First it was Ferentz, but it never really was. Then it was Miles. Then it wasn't. Then it was secretly Ferentz again. Then it wasn't. Then it was Schiano. Then it wasn't. Just when it looked like Michigan was running out of coaches in American to turn them down Rich Rodriguez comes out of nowhere to get an offer and take the job.
Of course when big news like this happens to a conference rival our first instinct is to ask ourselves "What does this mean for us?" Will our nine game losing streak against the Wolverines come to an end soon? Or are we doomed to another nine years of playing the fat bride's maid hooking up with the groom's second cousin in the coat closet while Michigan and Ohio State continue to dance in the spotlight as the center of attention.
Rich Rodriguez teams are known for utilizing the spread option offense that has become so popular these days. This will no doubt make Michigan fans happy as they have been clamoring for a more wide open offense than they were accustomed to under Lloyd Carr. They'll get it...eventually...but it may not look pretty the first few years. Ryan Mallet is the heir apparent to Chad Henne. He's a fantastic talent, but he's not a spread option type quarterback like Pat White. So how will Rodriguez do without Pat White and Steve Slaton? It will take Michigan a few years to recruit the players and implement the playbook. So in that regard with the loss of Hart, Long, and possibly Manningham after this season the odds of us ending the streak in 2008 are the best they have been in probably a decade. Beyond that who knows.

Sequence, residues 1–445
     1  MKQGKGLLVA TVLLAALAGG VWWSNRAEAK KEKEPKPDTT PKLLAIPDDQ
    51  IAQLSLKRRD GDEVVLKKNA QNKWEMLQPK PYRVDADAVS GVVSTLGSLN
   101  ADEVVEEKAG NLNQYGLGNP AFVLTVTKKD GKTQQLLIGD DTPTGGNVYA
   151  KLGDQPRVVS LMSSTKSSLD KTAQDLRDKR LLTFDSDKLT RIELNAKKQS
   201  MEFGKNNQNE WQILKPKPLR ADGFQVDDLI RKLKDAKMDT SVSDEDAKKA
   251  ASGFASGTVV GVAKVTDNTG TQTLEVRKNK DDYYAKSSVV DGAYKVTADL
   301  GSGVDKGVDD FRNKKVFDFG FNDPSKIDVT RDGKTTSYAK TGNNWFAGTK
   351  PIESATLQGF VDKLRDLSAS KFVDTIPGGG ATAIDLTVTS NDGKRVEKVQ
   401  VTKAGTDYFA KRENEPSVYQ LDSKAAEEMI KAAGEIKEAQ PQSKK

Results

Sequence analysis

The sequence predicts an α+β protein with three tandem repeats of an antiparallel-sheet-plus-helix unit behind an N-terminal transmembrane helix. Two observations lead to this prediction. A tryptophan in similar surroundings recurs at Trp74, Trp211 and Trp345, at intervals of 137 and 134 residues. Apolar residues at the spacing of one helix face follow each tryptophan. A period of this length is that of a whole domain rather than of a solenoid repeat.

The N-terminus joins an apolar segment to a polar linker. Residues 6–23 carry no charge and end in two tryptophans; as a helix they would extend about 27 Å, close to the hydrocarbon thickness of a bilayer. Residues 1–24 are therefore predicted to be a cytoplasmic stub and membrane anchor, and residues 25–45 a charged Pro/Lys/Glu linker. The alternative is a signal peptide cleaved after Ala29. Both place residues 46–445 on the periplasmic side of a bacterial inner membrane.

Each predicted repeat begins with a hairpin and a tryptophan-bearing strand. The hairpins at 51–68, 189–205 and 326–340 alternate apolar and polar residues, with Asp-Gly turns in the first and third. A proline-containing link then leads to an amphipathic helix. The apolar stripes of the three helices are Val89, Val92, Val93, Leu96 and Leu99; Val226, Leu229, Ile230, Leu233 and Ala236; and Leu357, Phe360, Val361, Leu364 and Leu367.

West Virginia utilizes a 3-3-5 defense. It's unclear if Rodriguez will try to bring this style of defense to the Big Ten. It's a good defense for the Big East where you have teams that spread you out and try to pick you apart through the air. Try that in the Big Ten and you get mowed over by 320 lb offensive linemen and 220 lb running backs.
As far as Michigan goes, I think they will regret this decision in a few years. He has a history of being an opportunist. While at West Virginia he strung along secret negotiations with Alabama and was even rumored to have an agreement in principle. But he decided to stay in West Virginia anyway, but his wandering eye turned off a lot of the West Virginia faithful. Now it's reasonable to assume that Rodriguez won't be looking at other college head coaching jobs. He's at Michigan now. There aren't many other more attractive jobs out there that would warrant another move. But what if he has some success and the NFL comes calling? Is he committed to Michigan for life? Or is he going to be persuaded to listen to every offer that comes along?
One thing that Rodriguez has going against him is he lacks the "Michigan Man" moniker that the fans and boosters put a lot of emphasis on. He has no sense of the Michigan tradition. He's never even been part of any prestigious program, unless you count West Virginia who was laughable during his playing days there in the 1980's. The fans are hoping for change, but they better be careful what they wish for. They just might get it.
What happens if Rodriguez starts ignoring cherished time-honored traditions? What happens if he fails speak of Bo Schembechler and Fielding Yost as if they were saints? What happens when he loses to Ohio State and says "Win some. Lose some" in his post game press conference? These are the things at which the Michigan faithful will be looking. Because like Penn State and Notre Dame and Ohio State and every other historically rich program, tradition is the thread that holds the program together during the four loss seasons. 8-4 without tradition is mediocre, and Michigan will never stand for that.